The benefits of Oculus’ new hardware, which is out May 21, don’t come from enhanced resolution or a lighter weight, but from the ease of use and lack of setup. The external sensors are gone completely, and the unit is self-contained — no PC required — but the Quest still offers the same tracking abilities as the Oculus Rift. That means the controllers offer six degrees of freedom to manipulate objects in virtual reality, but you don’t need to go through any extensive setup or use any external sensors at all to enjoy room-scale VR. You can use the hardware in any room after going through a setup process that takes around 10 seconds to complete.
It’s a game changer, in other words: portable, self-contained VR for $399 for the 64 GB option or $499 for the 128 GB option, and both versions come with the headset and two controllers.
So what’s going on, and why is the Quest such a big jump from existing VR devices? Let’s start by looking at the headset and controllers.
The Oculus Quest looks similar to a standard Oculus Rift, despite its four built-in sensors and the fabric around the outside of the hardware. The straps make it easy to put on or take off, even with glasses, although things may look blurry if you don’t have it adjusted so your eyes hit the sweet spot that allows you to see everything clearly. Putting the Quest on and adjusting the straps to be comfortable and give you the best view takes a bit of practice, but you can do it in a few seconds once you get a feel for it.
The two included controllers look and feel very close to the original Oculus Touch controllers, which is to say that they’re comfortable and easy to use. The biggest change is the addition of another button below the trigger that allows you to squeeze the controller to make an in-game fist — or whatever the developer would like to use the interaction for.
The headset is around 100 grams heavier than the original Oculus Rift, but the weight didn’t bother me once I had the straps adjusted properly. You can use the built-in speakers for audio if you’d like, but I prefer to connect headphones for a bit more immersion.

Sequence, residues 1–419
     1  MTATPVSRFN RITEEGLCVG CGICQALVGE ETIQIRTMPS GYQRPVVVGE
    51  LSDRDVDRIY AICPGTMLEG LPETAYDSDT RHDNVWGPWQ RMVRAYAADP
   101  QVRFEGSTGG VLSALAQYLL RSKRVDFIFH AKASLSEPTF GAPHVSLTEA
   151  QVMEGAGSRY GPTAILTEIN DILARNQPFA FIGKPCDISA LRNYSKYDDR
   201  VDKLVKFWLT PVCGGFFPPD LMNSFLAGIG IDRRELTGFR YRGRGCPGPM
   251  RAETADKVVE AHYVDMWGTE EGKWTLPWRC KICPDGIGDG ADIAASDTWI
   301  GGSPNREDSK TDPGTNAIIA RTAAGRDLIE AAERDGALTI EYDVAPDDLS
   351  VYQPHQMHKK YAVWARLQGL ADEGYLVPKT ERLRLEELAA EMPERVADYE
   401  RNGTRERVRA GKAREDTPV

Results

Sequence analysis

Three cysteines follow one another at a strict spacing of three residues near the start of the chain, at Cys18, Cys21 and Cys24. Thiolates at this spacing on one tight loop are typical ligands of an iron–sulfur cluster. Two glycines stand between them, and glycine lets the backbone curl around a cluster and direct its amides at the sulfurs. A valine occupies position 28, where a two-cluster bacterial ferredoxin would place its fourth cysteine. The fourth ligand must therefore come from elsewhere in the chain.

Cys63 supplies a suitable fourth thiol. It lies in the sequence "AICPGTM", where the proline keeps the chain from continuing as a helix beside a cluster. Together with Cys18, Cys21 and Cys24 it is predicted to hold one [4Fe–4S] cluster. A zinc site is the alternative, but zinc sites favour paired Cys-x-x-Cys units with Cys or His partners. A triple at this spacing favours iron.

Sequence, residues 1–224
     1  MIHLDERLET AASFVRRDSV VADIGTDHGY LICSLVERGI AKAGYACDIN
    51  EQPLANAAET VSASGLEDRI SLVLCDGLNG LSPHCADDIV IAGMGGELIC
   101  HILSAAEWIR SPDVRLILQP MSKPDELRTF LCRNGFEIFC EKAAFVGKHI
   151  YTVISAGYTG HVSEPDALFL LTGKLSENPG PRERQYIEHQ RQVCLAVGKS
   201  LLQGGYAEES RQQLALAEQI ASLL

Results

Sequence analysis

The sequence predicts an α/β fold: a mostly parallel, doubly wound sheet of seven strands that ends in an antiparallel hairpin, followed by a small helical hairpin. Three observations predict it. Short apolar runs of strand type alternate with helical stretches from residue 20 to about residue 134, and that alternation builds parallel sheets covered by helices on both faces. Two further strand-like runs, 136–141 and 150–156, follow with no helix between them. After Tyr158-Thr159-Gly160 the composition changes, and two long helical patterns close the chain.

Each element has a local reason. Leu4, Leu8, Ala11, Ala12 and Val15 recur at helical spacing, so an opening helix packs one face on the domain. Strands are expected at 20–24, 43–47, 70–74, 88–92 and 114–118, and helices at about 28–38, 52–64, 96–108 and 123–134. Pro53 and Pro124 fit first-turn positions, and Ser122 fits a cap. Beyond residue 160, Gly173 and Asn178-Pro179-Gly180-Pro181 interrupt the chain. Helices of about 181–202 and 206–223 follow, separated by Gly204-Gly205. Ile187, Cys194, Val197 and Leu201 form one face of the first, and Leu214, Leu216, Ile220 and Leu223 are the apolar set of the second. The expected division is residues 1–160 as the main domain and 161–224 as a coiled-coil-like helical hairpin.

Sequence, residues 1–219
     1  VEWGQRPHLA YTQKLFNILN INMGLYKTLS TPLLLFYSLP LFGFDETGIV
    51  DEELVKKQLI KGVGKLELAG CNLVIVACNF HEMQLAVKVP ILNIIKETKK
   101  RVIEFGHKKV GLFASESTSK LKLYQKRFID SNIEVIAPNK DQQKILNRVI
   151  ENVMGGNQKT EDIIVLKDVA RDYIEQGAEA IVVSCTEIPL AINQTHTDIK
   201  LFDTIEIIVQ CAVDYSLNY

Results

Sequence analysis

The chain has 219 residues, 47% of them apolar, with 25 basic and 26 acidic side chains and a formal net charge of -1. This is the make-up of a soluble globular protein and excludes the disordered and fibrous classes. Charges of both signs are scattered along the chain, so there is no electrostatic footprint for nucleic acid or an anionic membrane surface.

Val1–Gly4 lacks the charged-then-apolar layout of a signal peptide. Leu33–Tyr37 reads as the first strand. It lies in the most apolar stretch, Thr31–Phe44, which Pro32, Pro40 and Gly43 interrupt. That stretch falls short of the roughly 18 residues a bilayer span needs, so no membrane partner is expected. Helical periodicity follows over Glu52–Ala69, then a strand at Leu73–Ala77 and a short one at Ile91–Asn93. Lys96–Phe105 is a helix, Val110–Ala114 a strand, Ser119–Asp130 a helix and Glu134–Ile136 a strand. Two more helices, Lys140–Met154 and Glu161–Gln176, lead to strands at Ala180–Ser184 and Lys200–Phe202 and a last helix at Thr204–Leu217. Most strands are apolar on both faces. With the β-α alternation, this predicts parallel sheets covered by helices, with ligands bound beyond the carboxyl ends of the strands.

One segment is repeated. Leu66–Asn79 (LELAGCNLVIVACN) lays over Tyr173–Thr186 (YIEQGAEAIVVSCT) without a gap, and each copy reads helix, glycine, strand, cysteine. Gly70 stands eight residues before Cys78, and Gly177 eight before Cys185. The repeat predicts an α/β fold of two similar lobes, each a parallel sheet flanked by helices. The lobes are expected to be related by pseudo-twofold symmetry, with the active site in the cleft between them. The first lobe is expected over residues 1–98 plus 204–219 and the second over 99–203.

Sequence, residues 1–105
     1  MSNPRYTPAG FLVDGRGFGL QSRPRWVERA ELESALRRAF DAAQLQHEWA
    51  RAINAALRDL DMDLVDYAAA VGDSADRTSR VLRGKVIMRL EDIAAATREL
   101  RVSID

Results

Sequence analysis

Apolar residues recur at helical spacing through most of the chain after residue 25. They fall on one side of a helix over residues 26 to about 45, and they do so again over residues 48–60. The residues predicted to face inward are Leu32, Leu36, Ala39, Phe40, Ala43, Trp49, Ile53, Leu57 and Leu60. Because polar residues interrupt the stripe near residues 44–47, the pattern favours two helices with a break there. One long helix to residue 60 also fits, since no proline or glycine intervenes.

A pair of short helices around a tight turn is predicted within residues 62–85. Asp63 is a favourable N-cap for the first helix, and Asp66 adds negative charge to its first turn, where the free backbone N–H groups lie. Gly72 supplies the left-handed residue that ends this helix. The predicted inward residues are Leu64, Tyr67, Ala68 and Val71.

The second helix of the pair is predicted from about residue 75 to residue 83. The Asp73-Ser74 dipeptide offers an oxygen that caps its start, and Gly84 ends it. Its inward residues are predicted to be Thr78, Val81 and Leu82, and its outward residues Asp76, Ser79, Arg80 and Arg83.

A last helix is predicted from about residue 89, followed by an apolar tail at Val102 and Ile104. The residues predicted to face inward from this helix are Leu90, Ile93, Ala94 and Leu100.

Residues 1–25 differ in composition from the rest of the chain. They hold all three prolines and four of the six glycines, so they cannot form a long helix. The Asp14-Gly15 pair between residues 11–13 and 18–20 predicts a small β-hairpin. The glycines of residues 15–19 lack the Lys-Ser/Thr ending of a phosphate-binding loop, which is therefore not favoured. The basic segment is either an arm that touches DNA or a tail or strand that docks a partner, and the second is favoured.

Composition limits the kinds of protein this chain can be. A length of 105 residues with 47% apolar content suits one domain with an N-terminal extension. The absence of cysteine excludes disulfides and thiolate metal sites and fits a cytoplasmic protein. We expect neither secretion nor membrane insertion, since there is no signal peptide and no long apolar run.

The 72 Hz OLED panel offers a resolution of 1440×1600 per eye, which gives you a strong, clear image. The whole thing is powered by a Qualcomm Snapdragon 835 system on a chip, and the Quest will give you around two hours of play time for graphically intensive games or closer to three hours of play time if you’re just watching media. The hardware takes two hours to charge using the included USB-C charging cable.
How the Quest tracks your movement and playing space
The Oculus Rift required the use of two external sensors for standing VR, and three external sensors for room-scale VR. The sensors had to be placed on a solid surface or mounted to your wall, and each one had to be connected to your PC with a USB cable. Initial setup and calibration was a pain in the ass, the sensors took up space and connections on your PC, and moving the whole thing to another room or over to a friend’s house meant that you had to do it all again before you could start playing.
The Quest, on the other hand, uses four sensors that are built into the headset to see your playing space and track the controllers. The hardware senses the floor automatically, and setting up your play space only requires you to look through the passthrough cameras and trace an outline of your usable play space on the floor, using the controller like a laser pointer.
The system will remember and recognize multiple rooms, so if you walk into the bedroom from the living room and have a play space set up for both, the hardware will remember and respond appropriately. That’s a nice touch, but creating a new playing area just requires that initial trace, which only takes a second or two. Moving to new rooms or taking the hardware to another environment entirely is now trivial.
I have been testing the hardware in my own home with a variety of launch software for over a week, and have yet to see any issues with the tracking. I was able to play Beat Saber and Space Pirate Trainer without feeling any lag or noticing any loss of precision in my movements.
Using hardware with full motion tracking for the headset and controllers without a cable attaching it to a PC feels wonderful; it’s so much easier to get lost in a game when I don’t have to worry about twisting the cable around myself or tripping over it. I can spin, duck, walk around inside VR, and even jump up and down without issue. Room-scale VR requires a minimum of 2×2 meters of free space, but the Quest also supports regular standing or sitting options if you don’t have a free VR room.
You don’t have to worry about slamming into a wall as you’re playing, either. The Guardian system will show a wireframe grid when you get too close to the edges of your playing space to keep you from wandering into a wall, and the virtual world will even fade away. If you step completely outside of the limits of your play space, you can see the real world, and you can tell where you are.